Suing a Nursing Home for Negligence
Watching a family member grow older and start to lose their independence due to mental or physical decline is a hard process to observe. Many families, at some point, have to determine if they can provide the necessary care or need to find a facility with the staff and training their loved one requires to maintain a satisfactory level of physical and mental health. Choosing a nursing home should be a careful and deliberate process given the amount of trust a family is placing in the administrators and medical staff. But, even families that thoroughly vet these facilities cannot eliminate the possibility that nursing home abuse c0uld occur. Because nursing homes house some of the most vulnerable members of society, taking advantage of residents seems especially wrong. While abuse includes obvious types of behavior, like physically hitting a resident or committing sexual assault, it also consists of neglect where a resident does not receive proper care that results in physical, mental, or emotional harm. Certainly, it is important for the guilty individuals to be prosecuted for their crimes, but it is also equally critical to hold the facility responsible for failing to oversee the guilty party’s work and/or not sufficiently examining their backgrounds for history of abusive tendencies. This is accomplished through a civil lawsuit that charges the nursing home with negligence, and asks for monetary damages to compensate the victim and the victim’s family for harm they suffered. One recent unfortunate example of neglectful and negligent behavior occurred at an assisted living facility in Bradenton when an 80-year-old woman died due to untended ulcers that became infected. While an assisted living facility is operated somewhat differently than a nursing home, this negligent behavior can occur in either type. An overview of how to initiate a lawsuit for negligence, and what a plaintiff must prove in court, will follow below.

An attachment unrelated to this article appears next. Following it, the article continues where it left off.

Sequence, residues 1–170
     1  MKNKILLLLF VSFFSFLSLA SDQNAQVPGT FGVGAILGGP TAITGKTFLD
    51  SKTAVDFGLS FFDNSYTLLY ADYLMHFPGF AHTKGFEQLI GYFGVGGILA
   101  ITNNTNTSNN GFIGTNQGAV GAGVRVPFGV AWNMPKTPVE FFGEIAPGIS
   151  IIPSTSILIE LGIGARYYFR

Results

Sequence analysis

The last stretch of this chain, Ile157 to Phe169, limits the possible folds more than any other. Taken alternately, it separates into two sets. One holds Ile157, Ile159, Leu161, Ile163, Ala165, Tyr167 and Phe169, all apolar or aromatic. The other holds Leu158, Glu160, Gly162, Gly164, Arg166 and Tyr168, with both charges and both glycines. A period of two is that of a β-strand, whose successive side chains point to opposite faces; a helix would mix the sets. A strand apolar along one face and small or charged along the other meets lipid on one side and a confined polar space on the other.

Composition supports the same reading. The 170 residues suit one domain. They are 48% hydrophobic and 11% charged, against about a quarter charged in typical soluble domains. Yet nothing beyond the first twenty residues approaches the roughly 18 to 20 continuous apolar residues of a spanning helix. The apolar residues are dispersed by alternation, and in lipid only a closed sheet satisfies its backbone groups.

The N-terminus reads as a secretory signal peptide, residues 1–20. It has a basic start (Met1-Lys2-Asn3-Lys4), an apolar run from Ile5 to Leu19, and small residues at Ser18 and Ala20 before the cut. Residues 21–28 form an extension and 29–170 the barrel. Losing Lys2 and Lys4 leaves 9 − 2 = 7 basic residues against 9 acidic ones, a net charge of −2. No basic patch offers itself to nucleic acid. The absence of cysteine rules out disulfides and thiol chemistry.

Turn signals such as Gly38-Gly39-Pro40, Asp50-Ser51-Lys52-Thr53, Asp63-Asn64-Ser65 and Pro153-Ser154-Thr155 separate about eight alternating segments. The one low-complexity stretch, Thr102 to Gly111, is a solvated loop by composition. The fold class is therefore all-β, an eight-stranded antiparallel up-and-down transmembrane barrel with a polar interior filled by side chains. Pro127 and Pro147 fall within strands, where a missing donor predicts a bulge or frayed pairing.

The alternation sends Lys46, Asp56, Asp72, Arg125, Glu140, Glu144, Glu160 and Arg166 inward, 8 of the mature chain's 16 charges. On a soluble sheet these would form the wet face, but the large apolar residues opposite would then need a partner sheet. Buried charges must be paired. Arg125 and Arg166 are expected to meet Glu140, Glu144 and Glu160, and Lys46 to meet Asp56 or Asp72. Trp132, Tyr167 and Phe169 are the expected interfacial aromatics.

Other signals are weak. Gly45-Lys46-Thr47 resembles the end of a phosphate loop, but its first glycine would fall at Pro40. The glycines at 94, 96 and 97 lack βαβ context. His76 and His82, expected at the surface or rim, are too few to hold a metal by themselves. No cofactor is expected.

Filing a negligence suit against a nursing home is different than typical negligence cases because the law requires plaintiffs to give the nursing home notice of the negligence claim and an opportunity to investigate the allegations before a lawsuit may be filed in court. This extra requirement is intended to facilitate settlement of these claims and reduce litigation. The nursing home has 75 days to conduct its investigation, and at the end of this period must present the plaintiff with a written rejection of the allegations or a settlement offer. The plaintiff then has 15 days to accept or reject the offer. If no settlement is reached, the plaintiff is then free to file a lawsuit in court.
All nursing homes have a duty of care toward their residents that they must seek to maintain. Because a nursing home provides medical care, this duty means the home is responsible for offering the same level of care a reasonable and prudent medically-trained individual would offer in similar situation. If the home breaches this duty by doing something it should not, like pushing a resident, or failing to do something that it should have, like giving medication, it could be liable if the resident suffered harm as a result. These issues – duty of care, breach, and harm – must be proven in all negligence cases to win at trial. How to specifically show the existence of these elements will vary with the facts of each case.
Talk to an Lawyer
If your loved one suffered abuse or neglect at the hands of nursing home staff, it is important to take the steps needed to hold the facility accountable. The Miami law firm of Pita Weber & Del Prado understands the damage such acts bring to family and will fight to get the compensation you deserve. Contact us for a free consultation.